Would you prayerfully consider partnering with Break The Roof by making a MONTHLY or ONE-TIME donation of $20, $40 or any other amount? Every gift will make a difference.

If so, hop over to my contact page and reach out on how you would like to partner. Or head over to The After Sunday Project: Donate and include in the “special instructions” that your donation is for Break The Roof.

I am so excited to share with you what has been put on my heart and the good work Break The Roof will be doing!

Sincerely,

Matt Curcio

Founder Break The Roof

30 Days of Writing: Day Ten

Day 10.

Well it is late at night but I am publishing something none the less. So I am going to post an excerpt from a short fiction I worked pretty hard on. All rights reserved, blah blah blah. I hope you enjoy it! Maybe it will peak your interest enough to want to read the rest. If that is true comment on the post! The whole piece is entitled “We Are All Dust”

 

 

“Hey kid, wanna play four square with us til our moms get here?”

The voice of the squeaky 2nd grader distracted me from my wobbling knees for a brief moment. “No thanks.” I thought a simple no would have been enough to end the conversation.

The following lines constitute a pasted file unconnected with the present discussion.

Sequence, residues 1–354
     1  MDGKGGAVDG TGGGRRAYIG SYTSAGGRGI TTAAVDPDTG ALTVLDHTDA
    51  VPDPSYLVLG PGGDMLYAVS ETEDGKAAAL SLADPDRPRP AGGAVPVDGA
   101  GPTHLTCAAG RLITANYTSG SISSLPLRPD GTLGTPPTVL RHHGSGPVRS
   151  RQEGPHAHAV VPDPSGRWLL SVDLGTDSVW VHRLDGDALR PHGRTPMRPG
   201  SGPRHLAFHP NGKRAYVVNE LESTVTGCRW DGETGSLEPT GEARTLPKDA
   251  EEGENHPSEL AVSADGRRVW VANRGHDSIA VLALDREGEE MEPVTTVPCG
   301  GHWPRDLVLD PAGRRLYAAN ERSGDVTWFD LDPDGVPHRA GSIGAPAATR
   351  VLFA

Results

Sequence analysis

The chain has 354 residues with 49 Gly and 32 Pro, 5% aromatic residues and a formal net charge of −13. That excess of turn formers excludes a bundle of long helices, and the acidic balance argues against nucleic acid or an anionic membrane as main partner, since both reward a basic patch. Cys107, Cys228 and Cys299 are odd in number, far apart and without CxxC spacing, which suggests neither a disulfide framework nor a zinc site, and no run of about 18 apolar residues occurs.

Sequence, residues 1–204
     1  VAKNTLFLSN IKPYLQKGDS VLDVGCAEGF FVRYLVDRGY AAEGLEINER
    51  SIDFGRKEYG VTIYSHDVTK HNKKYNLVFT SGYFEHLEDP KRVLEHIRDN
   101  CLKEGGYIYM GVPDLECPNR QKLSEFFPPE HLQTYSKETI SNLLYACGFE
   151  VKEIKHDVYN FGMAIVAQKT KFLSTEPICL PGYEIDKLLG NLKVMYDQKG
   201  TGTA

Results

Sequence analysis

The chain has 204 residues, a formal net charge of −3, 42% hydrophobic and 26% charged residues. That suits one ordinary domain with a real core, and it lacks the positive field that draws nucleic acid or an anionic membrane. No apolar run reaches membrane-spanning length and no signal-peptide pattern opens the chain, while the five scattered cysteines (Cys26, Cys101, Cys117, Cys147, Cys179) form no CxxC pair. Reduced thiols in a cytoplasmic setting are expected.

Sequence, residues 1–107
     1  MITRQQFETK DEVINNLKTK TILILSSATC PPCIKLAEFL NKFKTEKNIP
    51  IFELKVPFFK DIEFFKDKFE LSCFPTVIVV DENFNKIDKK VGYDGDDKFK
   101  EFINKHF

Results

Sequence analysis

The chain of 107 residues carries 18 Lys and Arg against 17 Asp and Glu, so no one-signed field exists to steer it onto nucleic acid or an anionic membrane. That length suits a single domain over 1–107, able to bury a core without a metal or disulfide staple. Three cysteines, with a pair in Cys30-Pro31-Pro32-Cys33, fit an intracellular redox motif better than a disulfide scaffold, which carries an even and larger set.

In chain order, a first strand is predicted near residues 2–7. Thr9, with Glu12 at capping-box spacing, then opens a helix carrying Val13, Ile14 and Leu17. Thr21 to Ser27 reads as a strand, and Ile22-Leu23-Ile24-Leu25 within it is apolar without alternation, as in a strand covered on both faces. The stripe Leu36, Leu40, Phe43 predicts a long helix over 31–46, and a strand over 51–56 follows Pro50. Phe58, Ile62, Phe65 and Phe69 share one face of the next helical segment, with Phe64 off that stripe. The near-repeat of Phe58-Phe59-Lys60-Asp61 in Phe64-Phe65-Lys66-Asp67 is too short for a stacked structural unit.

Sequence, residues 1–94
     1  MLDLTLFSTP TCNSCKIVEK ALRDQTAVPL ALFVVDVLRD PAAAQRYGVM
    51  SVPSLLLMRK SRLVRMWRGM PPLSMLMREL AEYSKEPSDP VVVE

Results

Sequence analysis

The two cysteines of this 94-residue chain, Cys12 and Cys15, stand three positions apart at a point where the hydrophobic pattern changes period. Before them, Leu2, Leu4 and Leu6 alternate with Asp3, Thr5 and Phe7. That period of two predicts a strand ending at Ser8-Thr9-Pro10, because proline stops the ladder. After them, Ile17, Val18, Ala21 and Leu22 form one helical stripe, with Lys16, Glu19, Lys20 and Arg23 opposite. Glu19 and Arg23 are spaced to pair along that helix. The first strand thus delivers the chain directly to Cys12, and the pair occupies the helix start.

“Come on! Don’t be such a wussy!” His whining made it clear that they needed a fourth player and I was the only other student around. I have these moments sometimes where I believe my fantasies can become reality. These moments where I truly believe that when I step away from the wall I am leaning on I will feel a surge of strength. These short-lived moments of confusion are normally dashed away by reality. I stepped away from the wall and both of my legs buckled.

I wonder sometimes what others think when they see me fall. It doesn’t look anything like what happens when a somebody falls. When a something falls, it is without grace or stability. It is similar to a limp loaf of bread smacking the pavement. A something flops. A something doesn’t cry, but a something bleeds. And this time I bled a lot. At least it seemed more than usual as I sat back and pulled my knees in close to my chest. I watched as the thick syrupy red leaked out and soaked my white rolled down socks. The kid who asked me to play had his ride arrive moments later. I overheard his mother asking her son if that older boy was okay. I saw her son shrug and I watched them both drive away. I didn’t want their help anyway. A something doesn’t need other people to help. That is reserved for a somebody.